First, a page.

U2 bring The Joshua Tree tour to Toronto, pay tribute to Leonard Cohen


U2 plays "Where the Streets have no name" at the Rogers Centre on their Joshua Tree 30th anniversary tour in Toronto. June 23, 2017.

Steve Russell/Toronto Star via Getty Images

This past Friday, U2 arrived in Toronto to perform before 50,000 fans at Rogers Centre, part of their continuing The Joshua Tree tour, which is celebrating its 30th anniversary this year.

U2 is one of those bands that seems incapable of playing a bad show. This latest concert was my 15th time seeing the band, and it will no doubt go down as one of the most memorable for me. Hearing The Joshua Tree in its entirety was special, but it was the connection Bono made with the audience that left me with chills. This mostly came with his recollections of his friendship with Canada’s own Leonard Cohen. During ‘Bad’, Bono sang verses from ‘Suzane’, one of Cohen’s best-known songs, ending it shouts of ‘hallelujah’. Later, Bono prefaced ‘One Tree Hill’ with memories of spending spending time with Cohen at the latter’s 79th birthday.


Seeing U2 live at this point in their career, looking backwards rather than forewards, is a little unusual; they’re a band that has always been keen not rest on their laurels. However, the band does understand that their audience is a patient one, so giving them a little bit of nostalgia isn’t a bad thing. 30 years of The Joshua Tree is absolutely worth commemorating, both live and with the new CD reissue. While there have been previous sets for previous anniversaries, the selling point for this latest one, a live concert from Madison Square Garden during the 1987 Joshua Tree tour, is a good one. The band is on fire, playing the new music with a fire that, really, has never gone out. The crowd rapturously embraces U2 and the music they’re making. For a band that’s been around nearly forty years, U2 doesn’t have too many official live releases, which makes this set even more desirable.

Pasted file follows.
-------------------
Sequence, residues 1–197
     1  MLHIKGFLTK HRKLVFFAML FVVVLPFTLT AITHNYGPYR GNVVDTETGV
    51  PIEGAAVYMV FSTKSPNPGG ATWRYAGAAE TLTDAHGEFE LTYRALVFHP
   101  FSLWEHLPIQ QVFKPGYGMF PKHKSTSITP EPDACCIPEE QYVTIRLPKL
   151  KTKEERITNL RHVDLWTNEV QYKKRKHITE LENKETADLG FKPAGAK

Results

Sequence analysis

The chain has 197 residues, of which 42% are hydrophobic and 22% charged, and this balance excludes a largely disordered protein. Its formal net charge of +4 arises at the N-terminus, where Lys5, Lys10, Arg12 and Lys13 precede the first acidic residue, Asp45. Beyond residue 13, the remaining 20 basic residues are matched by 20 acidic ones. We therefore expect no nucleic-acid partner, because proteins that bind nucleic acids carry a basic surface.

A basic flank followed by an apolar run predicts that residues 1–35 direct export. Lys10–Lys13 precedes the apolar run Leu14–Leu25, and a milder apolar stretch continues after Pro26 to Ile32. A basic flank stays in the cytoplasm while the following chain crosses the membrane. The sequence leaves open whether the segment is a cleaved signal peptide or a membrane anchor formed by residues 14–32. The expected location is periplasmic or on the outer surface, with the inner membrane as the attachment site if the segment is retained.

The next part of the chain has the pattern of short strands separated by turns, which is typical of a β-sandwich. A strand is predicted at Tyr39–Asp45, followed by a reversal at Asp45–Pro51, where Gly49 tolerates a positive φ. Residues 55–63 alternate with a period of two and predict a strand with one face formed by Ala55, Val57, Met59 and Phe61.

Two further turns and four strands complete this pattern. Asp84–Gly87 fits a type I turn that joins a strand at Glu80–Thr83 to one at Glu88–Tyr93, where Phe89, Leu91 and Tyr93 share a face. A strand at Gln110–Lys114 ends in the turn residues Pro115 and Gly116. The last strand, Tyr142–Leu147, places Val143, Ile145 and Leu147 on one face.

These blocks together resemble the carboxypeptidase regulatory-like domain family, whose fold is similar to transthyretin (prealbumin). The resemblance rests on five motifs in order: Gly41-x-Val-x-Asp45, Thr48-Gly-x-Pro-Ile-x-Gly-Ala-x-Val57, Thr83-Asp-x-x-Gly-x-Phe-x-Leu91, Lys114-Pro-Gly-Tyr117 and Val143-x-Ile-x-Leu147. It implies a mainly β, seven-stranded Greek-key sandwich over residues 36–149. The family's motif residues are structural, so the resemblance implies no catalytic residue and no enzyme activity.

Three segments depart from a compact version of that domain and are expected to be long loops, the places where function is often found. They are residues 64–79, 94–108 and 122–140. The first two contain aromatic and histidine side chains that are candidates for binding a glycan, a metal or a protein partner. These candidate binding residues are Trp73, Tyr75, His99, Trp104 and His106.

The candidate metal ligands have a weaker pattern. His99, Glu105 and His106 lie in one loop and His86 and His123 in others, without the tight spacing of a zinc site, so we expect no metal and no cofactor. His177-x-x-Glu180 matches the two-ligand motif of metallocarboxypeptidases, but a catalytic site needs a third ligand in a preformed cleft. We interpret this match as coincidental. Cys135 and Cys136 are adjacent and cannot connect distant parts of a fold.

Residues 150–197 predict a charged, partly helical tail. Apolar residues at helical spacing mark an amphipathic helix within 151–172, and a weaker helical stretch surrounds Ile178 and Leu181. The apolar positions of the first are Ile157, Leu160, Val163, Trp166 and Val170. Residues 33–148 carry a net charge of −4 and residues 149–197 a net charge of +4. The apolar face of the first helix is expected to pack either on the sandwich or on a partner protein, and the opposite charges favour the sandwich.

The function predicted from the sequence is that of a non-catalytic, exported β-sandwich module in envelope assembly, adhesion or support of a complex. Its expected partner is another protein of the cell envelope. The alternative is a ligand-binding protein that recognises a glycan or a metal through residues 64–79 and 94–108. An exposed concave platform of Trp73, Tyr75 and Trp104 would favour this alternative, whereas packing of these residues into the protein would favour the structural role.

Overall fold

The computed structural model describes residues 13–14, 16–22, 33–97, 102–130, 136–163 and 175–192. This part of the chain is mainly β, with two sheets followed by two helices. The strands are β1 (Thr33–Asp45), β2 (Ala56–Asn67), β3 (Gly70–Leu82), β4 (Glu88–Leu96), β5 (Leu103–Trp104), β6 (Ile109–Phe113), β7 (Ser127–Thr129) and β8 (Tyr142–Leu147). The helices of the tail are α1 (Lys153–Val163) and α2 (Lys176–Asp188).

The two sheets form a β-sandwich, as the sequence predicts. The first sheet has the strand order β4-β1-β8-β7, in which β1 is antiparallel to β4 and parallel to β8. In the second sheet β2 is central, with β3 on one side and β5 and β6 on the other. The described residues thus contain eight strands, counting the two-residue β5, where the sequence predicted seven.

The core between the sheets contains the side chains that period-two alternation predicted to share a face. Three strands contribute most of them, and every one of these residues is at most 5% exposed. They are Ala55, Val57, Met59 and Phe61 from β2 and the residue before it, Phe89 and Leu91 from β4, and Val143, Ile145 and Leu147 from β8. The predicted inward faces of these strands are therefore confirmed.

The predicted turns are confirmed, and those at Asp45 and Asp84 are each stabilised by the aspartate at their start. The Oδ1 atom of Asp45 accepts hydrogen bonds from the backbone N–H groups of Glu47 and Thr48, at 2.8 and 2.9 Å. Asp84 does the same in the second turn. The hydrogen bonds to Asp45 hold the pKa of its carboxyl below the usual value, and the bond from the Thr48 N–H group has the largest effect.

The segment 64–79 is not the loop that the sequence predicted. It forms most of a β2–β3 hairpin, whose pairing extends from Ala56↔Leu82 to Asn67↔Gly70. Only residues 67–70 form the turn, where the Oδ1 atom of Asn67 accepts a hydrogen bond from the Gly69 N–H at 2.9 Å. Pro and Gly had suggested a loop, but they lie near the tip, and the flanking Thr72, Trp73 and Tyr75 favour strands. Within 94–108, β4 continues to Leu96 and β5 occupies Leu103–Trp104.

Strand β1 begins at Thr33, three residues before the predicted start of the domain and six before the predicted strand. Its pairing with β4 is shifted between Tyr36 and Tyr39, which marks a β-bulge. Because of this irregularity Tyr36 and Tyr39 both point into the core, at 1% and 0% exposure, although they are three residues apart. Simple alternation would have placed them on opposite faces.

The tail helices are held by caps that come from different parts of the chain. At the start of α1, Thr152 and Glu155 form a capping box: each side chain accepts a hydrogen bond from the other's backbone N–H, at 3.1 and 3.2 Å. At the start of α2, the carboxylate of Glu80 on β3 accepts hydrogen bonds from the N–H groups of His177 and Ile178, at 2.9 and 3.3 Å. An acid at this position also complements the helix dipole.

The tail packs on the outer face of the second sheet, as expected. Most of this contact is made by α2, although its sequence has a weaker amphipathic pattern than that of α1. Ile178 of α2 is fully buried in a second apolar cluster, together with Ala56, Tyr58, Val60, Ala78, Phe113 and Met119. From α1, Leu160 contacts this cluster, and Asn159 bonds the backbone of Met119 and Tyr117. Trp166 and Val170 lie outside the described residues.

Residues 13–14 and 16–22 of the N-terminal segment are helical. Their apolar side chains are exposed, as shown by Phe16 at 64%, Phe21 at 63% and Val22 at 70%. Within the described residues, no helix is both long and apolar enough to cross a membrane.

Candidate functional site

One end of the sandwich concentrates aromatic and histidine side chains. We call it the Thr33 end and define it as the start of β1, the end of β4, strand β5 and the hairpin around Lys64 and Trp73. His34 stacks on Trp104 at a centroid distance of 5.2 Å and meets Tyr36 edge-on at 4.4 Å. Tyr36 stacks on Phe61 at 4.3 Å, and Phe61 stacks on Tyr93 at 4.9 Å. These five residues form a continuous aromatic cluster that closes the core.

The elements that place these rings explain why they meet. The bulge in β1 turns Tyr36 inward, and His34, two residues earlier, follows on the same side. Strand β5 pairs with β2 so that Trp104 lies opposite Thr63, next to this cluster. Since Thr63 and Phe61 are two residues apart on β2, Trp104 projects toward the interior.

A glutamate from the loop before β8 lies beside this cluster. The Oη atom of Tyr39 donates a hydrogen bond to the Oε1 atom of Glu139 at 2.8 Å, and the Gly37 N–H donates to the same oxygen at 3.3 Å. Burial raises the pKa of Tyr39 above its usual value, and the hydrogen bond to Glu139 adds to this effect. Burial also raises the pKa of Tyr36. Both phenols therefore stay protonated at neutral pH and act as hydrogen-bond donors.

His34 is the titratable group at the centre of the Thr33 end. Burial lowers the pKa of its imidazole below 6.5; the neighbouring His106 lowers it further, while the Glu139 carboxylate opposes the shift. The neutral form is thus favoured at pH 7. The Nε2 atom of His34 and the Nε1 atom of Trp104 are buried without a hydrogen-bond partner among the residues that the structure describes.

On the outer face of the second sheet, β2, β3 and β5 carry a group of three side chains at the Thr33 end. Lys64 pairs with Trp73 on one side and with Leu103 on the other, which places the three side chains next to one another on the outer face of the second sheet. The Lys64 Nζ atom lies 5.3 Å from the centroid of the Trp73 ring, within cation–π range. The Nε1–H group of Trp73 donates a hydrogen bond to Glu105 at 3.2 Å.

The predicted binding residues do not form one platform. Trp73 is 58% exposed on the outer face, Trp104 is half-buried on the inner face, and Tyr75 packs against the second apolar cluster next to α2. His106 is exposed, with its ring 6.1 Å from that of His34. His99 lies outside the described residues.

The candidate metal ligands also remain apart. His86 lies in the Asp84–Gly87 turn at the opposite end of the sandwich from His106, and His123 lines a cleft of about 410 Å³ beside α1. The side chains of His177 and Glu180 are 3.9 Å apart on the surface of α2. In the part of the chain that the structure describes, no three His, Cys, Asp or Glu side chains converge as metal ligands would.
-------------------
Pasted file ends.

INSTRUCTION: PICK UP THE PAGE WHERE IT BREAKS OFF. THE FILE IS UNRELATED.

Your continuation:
Timely and timeless, U2 continues to one of the great rock bands in history. It’s little wonder you can hear them across multiple SiriusXM channels, including 80s on 8, 90s on 9, The Spectrum, Classic Rewind and 1st Wave.

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